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Employees at Honda’s Alliston plant work assembling engines, in this file photo.Deborah Baic/The Globe and Mail

The rise of the Canadian dollar to parity with its U.S. counterpart was a wake-up call for the Canadian manufacturing plants of Honda Motor Co. Ltd. – they were uncompetitive with factories in the United States that were making the same vehicles.

That realization sparked an efficiency drive by the auto maker that is designed to insulate the two Canadian assembly plants and the engine plant in Alliston, Ont. from exchange-rate fluctuations. An $857-million investment announced Thursday is a key part of that efficiency effort and will help prepare one of the assembly plants to build the next generation Civic compact.

The Alliston plant that assembles the Civic will be the lead plant for the next-generation Civic, which means it will develop the manufacturing processes that will be used by all other Honda plants around the world that assemble the car – the first time a factory outside Japan has been chosen for that task.

"I don't think there's any area of the factory that won't be touched by this investment, when you're tooling for a new generation Civic with all of the welding equipment, all the tooling – even our suppliers need to develop new tooling," said Jerry Chenkin, president of Honda Canada Inc., the company's Canadian sales arm.

Honda will build new logistics centres in Alliston and new staging areas for parts delivery as it tries to become more efficient, Mr. Chenkin said as Honda CR-Vs, the other model the factory makes, rolled along the assembly line.

The profit margins are thin in the compact-car segment in which the Civic competes, so even shaving pennies off the price of a part that goes in about 200,000 vehicles a year yields savings.

When the dollar was at par, "our cost here was more expensive to produce the identical vehicle that they're producing in the U.S." he said. He would not reveal the dollar figures or a percentage, but described it as "significant."

"Our challenge is to become exchange-rate neutral so it doesn't matter what happens, we can run a good business here."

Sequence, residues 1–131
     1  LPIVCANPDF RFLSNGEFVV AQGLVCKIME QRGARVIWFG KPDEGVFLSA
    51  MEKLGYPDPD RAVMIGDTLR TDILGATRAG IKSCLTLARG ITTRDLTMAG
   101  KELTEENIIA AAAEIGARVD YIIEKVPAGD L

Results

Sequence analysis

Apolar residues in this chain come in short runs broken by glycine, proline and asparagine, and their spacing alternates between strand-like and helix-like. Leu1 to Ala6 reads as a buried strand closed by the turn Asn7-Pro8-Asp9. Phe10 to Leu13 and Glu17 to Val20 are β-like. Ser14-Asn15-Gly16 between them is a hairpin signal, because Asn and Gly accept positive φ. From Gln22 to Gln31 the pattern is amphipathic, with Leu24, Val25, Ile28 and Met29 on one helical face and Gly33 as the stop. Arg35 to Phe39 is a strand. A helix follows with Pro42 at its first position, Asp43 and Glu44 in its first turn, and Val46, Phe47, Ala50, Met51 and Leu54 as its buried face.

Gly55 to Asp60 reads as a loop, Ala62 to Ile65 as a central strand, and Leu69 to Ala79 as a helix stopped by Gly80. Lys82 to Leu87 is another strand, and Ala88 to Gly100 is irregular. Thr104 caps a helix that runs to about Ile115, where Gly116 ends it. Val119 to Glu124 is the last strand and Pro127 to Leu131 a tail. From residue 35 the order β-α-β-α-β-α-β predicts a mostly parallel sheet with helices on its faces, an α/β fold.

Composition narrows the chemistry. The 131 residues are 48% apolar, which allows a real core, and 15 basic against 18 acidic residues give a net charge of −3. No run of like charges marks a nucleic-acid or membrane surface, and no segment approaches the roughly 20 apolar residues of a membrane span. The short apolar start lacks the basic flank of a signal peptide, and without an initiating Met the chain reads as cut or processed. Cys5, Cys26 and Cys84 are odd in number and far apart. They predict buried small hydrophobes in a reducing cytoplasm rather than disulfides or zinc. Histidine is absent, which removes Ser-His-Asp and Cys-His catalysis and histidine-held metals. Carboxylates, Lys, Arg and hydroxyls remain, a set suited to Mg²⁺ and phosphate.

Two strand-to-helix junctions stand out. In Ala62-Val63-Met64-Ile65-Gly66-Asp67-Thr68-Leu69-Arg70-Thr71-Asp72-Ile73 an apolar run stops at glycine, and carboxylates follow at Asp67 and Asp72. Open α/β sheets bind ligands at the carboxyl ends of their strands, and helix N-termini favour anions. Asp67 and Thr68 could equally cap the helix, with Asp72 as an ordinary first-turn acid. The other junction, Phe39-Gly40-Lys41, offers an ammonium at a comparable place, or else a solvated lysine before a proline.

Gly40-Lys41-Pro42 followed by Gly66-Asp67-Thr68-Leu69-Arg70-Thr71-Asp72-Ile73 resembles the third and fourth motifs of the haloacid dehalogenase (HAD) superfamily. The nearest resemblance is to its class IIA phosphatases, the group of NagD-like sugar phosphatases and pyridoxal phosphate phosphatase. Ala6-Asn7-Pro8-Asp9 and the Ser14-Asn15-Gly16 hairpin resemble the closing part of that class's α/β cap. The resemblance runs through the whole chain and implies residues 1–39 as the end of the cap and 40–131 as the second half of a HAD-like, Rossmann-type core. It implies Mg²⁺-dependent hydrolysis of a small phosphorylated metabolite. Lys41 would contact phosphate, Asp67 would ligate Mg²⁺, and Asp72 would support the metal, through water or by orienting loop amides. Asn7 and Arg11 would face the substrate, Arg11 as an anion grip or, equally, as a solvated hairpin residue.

Ontario Premier Kathleen Wynne, whose government will contribute a conditional grant of $87.5-million to the project, acknowledged at the announcement that the drop in the value of the Canadian dollar to less than 90 cents (U.S.) should help Ontario manufacturers.

"But we cannot rely on that alone for expansion in the auto sector or in manufacturing in general," Ms. Wynne noted.

The Honda investment solidifies about 4,000 jobs at the three plants and is a shot in the arm for the province, which has effectively watched from the sidelines since the recession as auto makers have pumped billions of dollars of investment into Mexico and the southern United States.

Last month, a potential investment by Ford Motor Co. to build small engines in Windsor, Ont. was scrapped after negotiations the province and the federal government conducted with Ford broke down. Government officials and industry sources believe Ford had planned from the beginning of the process to spend the money in Mexico and not in Windsor.

Ford's chief financial officer Bob Shanks said the engine plant was never intended for Windsor, although government officials in Canada said the initial proposal of an investment of more than $2-billion was tantalizing.

Ms. Wynne said the government needs to determine what factors are encouraging auto makers to build new assembly plants in Mexico and not in Canada.

Wages that are about 10 per cent of the more than $30 an hour that auto workers in Canada receive are one draw, but Mexico also has trade agreements with more than 40 other countries, which permits auto makers to ship duty-free from Mexico into those markets as well as the United States.

Economic Development Minister Brad Duguid said the government is engaged in a "non-stop effort," to try to attract investments that will lead to new vehicle assembly plants in the province.

Mr. Chenkin said Honda spends about $2.1-billion annually buying parts and services in Canada.

Those include seats for the Civic and CR-V, which are assembled by TS Tech Canada in Newmarket, Ont. – a company that started out in 1988 with 10 employees.

The seat maker is in the midst of a $14-million capital-spending program to renovate its plant and tool up for the next generation Civic, said vice-president Randy Walsh, who was one of those original 10 employees.

The parts company now employs 800 people.

"We have to become more competitive as TS Tech in order to create more jobs," Mr. Walsh said. "It's up to us."

Honda has sent employees from its plants to TS Tech's factory during the past three years to help teach employees and develop innovations, he said.

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